I Won’t Let You Drown
Broken pieces of you
float on a blue mirror sea,
shards of light and color
pierce the doldrums of your heart;
the best parts of you drifting.
I want to net and steal
you from drowning,
throw you a line,
lift you up and let you drip dry
in the sun over the edge of the deck,
drape you like slack rope on a boom.
I want to hoist you high,
set loose your compass
luff you in the wind
that might breach your sharp edges.
and soften your scars until smooth as beach glass.
I want to collect your flotsam and jetsam
and pack them away in the cabin
where you can open them one box at a time
instead of watching the mess of it
waste on waves out of reach, lost.
Let me take the con, paint the blue band
on the hull. Let me fly the blue flag on the mast,
and look for the albatross that bears your name,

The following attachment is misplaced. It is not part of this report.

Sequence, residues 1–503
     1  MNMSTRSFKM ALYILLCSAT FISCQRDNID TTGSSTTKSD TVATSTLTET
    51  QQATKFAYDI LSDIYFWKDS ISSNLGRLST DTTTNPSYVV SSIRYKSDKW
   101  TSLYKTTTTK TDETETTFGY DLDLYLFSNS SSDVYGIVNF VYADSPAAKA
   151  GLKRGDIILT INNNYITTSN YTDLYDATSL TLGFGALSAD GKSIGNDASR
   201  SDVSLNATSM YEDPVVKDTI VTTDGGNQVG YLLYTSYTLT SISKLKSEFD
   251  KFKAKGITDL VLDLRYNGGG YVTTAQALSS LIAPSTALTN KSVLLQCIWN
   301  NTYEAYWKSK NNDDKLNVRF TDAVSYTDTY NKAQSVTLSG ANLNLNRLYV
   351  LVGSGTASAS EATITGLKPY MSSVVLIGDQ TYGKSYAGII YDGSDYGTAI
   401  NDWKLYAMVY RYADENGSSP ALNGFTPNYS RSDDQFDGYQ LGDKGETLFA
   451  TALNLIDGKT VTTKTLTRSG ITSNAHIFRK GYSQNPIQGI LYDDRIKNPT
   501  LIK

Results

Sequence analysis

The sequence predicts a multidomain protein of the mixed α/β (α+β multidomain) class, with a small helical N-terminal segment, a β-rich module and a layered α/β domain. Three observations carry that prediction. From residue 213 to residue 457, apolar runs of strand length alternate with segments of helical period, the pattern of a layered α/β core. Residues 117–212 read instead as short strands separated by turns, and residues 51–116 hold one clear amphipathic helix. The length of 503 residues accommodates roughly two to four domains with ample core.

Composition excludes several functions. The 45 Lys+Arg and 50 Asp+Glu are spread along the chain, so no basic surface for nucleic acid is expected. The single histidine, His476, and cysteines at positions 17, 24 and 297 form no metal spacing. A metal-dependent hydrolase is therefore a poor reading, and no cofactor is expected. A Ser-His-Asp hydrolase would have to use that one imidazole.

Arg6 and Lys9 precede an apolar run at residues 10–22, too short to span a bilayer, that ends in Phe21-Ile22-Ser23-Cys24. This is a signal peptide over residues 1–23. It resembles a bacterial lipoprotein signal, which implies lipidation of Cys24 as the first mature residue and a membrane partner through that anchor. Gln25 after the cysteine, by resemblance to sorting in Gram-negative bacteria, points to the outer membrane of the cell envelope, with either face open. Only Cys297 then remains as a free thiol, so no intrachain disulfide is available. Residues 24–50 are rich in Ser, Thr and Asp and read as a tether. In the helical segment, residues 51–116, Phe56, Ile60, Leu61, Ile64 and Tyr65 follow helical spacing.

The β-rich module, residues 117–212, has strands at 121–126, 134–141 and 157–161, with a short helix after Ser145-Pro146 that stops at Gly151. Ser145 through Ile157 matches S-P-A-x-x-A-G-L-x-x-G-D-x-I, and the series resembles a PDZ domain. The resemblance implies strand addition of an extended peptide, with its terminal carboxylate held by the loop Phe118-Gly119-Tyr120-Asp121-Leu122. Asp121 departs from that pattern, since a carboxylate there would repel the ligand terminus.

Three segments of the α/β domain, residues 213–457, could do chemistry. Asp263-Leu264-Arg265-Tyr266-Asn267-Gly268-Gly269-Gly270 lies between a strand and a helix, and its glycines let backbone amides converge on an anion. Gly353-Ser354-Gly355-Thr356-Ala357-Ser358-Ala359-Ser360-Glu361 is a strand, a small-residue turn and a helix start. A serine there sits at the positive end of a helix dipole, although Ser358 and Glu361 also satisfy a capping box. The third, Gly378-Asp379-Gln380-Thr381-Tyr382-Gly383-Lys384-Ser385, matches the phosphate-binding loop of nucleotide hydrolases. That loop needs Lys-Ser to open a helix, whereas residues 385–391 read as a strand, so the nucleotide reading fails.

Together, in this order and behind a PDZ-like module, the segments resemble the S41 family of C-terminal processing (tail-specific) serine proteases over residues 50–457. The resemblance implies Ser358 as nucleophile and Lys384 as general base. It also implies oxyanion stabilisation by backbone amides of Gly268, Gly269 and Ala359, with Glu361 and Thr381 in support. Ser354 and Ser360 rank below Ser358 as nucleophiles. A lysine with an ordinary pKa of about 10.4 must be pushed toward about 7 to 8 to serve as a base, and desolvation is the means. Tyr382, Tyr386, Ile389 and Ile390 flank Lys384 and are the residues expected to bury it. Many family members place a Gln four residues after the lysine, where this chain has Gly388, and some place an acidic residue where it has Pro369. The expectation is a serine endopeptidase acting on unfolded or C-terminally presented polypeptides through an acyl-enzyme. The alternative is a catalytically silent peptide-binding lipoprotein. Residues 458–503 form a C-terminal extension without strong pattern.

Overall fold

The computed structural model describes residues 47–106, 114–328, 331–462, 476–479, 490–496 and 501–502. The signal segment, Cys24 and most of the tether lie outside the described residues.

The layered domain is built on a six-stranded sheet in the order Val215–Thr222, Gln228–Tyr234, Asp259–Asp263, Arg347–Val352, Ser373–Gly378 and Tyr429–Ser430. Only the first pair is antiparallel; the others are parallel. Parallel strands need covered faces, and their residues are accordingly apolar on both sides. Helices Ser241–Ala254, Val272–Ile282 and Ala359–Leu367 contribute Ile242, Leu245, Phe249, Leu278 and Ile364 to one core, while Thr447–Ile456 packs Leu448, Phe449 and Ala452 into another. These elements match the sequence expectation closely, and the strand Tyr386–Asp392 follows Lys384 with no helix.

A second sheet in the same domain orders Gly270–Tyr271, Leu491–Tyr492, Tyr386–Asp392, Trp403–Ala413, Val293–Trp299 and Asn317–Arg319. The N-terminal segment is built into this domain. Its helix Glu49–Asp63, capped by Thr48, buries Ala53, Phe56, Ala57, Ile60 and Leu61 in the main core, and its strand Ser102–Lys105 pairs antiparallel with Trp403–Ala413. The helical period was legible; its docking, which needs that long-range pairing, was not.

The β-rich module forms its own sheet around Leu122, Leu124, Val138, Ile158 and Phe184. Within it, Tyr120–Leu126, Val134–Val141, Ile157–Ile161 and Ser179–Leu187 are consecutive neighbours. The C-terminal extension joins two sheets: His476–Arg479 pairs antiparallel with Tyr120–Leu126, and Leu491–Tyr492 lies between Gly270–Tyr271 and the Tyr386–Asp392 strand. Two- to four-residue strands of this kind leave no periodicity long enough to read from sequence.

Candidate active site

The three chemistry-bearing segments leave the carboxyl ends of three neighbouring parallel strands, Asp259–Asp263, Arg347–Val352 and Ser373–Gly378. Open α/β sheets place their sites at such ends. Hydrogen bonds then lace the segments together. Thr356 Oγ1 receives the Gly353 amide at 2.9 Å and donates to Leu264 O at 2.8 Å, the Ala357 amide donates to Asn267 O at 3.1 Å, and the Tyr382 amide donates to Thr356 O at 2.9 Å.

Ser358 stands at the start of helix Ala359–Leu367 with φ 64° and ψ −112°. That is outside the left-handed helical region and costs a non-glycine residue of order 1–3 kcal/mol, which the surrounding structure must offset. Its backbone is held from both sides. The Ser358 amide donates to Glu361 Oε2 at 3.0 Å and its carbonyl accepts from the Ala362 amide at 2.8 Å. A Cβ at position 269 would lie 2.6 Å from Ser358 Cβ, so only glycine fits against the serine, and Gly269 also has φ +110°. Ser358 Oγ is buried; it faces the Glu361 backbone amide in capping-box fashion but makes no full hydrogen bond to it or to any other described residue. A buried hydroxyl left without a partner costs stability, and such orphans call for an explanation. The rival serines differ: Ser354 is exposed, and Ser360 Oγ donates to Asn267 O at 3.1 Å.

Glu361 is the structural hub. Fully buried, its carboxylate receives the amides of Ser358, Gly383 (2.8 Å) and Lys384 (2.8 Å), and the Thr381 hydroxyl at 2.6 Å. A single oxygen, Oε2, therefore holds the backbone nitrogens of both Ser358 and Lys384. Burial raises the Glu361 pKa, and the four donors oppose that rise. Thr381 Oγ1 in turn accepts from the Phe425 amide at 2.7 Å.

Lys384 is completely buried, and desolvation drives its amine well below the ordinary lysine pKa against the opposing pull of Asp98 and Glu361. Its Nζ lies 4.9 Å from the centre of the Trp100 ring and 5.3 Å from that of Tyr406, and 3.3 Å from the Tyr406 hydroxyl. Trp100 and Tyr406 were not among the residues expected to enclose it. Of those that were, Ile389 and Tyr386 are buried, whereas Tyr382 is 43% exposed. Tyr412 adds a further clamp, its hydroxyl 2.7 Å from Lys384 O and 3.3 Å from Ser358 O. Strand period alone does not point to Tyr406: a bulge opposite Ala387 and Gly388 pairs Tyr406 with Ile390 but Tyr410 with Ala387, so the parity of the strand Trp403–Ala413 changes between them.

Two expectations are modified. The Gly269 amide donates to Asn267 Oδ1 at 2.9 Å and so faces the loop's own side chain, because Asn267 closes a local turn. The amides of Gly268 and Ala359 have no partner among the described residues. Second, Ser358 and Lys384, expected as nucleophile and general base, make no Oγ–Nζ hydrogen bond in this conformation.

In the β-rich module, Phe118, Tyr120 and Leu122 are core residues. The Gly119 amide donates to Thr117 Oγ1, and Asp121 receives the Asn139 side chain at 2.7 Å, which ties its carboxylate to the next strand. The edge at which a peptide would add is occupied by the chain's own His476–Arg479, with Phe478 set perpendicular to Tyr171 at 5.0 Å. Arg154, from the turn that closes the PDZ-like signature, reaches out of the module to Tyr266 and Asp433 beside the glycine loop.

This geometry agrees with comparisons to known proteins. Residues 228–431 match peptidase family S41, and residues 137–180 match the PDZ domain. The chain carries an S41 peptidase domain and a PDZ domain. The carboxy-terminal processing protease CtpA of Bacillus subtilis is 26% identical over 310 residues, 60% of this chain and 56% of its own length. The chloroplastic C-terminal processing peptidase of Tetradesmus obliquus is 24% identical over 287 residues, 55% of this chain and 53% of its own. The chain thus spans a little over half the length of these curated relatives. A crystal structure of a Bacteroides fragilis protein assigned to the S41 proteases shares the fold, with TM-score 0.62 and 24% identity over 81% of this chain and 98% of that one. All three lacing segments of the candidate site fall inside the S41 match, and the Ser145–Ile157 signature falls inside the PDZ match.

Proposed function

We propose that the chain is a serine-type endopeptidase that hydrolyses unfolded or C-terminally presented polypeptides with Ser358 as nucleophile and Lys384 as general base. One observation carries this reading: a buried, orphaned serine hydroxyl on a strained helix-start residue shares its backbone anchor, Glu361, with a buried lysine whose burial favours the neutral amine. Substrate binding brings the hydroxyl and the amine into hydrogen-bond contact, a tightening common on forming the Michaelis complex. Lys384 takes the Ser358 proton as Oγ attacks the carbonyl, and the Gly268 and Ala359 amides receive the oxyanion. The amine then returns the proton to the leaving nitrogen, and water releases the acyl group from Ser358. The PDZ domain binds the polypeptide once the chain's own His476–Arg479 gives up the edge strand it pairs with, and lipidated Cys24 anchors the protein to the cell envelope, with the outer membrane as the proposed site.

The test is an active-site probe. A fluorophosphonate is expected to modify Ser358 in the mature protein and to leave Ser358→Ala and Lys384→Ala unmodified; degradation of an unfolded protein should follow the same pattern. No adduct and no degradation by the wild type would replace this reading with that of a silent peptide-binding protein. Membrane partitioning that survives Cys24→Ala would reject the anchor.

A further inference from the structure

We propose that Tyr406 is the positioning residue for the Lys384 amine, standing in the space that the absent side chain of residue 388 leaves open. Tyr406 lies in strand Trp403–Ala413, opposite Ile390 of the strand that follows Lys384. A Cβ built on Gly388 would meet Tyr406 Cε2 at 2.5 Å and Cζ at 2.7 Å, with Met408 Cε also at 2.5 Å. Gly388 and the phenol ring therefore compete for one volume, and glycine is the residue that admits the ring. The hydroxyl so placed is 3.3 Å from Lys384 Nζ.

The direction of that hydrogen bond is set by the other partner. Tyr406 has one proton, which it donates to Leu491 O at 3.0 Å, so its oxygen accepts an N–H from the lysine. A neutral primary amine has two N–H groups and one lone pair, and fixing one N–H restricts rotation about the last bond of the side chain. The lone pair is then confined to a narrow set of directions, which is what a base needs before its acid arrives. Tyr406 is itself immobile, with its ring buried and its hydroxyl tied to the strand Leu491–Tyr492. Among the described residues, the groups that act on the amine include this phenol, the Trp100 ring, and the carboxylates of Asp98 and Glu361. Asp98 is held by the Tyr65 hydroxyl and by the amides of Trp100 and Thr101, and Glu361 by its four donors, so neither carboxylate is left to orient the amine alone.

I will point it out if it flies too far above your horizon,
like calling “Land, Ho!” at dawn
after a windless water night.
I want to take the tiller, turn the rudder,
steer you back toward yourself,
or at least back toward dry land,
where I can tie your mooring line,
cleat to pilon, where you can soak in sorrow
for a while, turn transom to your unimagined future,
but not drown, never drown,
even if you feel like you might
until you can finally see a buoy of light.
Julene Waffle is a NYS public school teacher, a writer, a business owner, a wife, a mother of three boys, two dogs, and three cats, and more fish than she can count. She loves nature and feels at home among the trees. She earned degrees from Hartwick College and Binghamton University. Her work has appeared in several journals such as La Presa, The English Journal; River, Blood, Corn Literary Journal; The Nonconformist, the anthologies of Civilization in Crisis, Seeing Things, and American Writers Review, and a chapbook entitled So I Will Remember.
The Ekphrastic Review
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